Don’t call me
Putting Diane Lane and John Cusack together in a movie seems like a good idea. There are moments of undeniable charm and good humor in Must Love Dogs, despite a dated premise (Internet dating) and by-the-numbers romantic comedy script. Deciding whether to recommend it was a tough call.
In the end, I couldn’t give props to a film that features a family sing-along to the Partridge Family’s “Come On Get Happy!” I just couldn’t do it. The David Cassidy factor was one of the things that did me in. Sure, this can be perceived as shallow, but take it from me, this particular sing-along scene is a lethal movie killer. It’s just so very wrong.
Lane plays the beautiful yet worn Sarah, recently divorced and contemplating that hellish endeavor of re-entering the dating world. Her nosy sister Carol (Elizabeth Perkins) posts an Internet personals ad on Sarah’s behalf, using her high-school graduation picture, and the coyotes start howling and pissing at her door.
One of the respondents is Jake (John Cusack), essentially playing his trench-coat-wearing Lloyd Dobler from Say Anything, all grown up. Jake builds wooden boats that nobody wants to buy and deals with his recent divorce in a grumpy yet whimsical way that is very Cusack.
The two meet in a dog park (which, in my opinion, is a direct rip-off of the Bruce McCulloch film Dog Park), and their first date doesn’t go so well. Jake rambles on about the dishonesty of Sarah’s ad ("Voluptuous?"), and the two go their separate ways. Sarah gives other ad respondents a try, paving the way for a dating montage featuring Crying Guy, Bring-Your-Child-on-the-Date Guy, Impossibly Rude Guy, etc. Being that Lane and Cusack are the ones plastered on the movie poster, we pretty much know they will meet again.
Sarah is a preschool teacher, and one of her pupil’s fathers is hackneyed romantic comedy mainstay Dermot Mulroney as Bob (Seemingly-Sensitive-Dad Guy). Occupying a place in the film simply to delay the inevitable Lane-Cusack victory, Bob is just a time killer possessing no chance for survival with Sarah. John Cusack must prevail, so Bob will inevitably screw up.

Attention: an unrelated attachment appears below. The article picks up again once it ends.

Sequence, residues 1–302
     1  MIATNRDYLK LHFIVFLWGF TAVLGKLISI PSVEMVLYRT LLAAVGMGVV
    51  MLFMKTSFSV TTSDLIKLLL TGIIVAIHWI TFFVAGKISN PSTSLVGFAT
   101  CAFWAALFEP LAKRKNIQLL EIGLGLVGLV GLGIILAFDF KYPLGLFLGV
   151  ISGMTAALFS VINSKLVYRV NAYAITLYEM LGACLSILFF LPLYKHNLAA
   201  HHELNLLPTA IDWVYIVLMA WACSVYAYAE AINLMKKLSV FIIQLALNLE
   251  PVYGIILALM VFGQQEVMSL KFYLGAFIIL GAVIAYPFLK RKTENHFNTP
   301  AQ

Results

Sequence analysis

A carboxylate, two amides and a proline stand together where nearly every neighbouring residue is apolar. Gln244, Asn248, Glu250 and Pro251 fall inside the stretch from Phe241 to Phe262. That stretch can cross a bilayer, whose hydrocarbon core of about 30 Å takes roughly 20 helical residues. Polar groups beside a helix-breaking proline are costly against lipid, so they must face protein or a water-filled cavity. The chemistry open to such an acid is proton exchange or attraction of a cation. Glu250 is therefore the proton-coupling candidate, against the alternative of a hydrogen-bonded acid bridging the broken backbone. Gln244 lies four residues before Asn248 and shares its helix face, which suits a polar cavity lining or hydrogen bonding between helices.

The film has a couple of very funny sequences. A late-night frantic search for condoms is probably the movie’s high point and is surprisingly well written and played by the stars. Lane does a good job with her droll reactions to the dating nightmares, and Cusack makes the most of his routine part, throwing in the occasional Cusack zinger.
Christopher Plummer, as Sarah’s sensitive dad, is required to do some rather ridiculous things with multiple girlfriends (including Stockard Channing) but he handles the role with grace. Unfortunately, he doesn’t grab his acoustic and deliver a sensitive rendition of “Edelweiss” from The Sound of Music during the family sing-along scene. That would’ve rocked!
The whole premise of Internet dating feels old and played out, a tired gimmick to build a movie around. Throw in the whole dog-park thing, and you have a double-cliché offense. As far as Internet-dating movies go, this one is much better than the Tom Hanks-Meg Ryan vomit train You’ve Got Mail, but it pales in comparison to the Sandra Bullock-Brendan Fraser laugh riot Internet Dates are Go! Actually, that movie doesn’t exist, but it seems like a possibility, doesn’t it?
This film is what it is, a standard date movie designed to contend with this summer’s machismo blockbusters. Cusack hasn’t done this sort of thing since 2001, so he was due, and Lane is just capitalizing on her Under the Tuscan Sun momentum. The movie has a sweet heart, but a rather dumb head. Must Love Dogs won’t kill anybody, but it might maim a few, especially during the Partridge Family homage. You might want to cover up the ears during that one.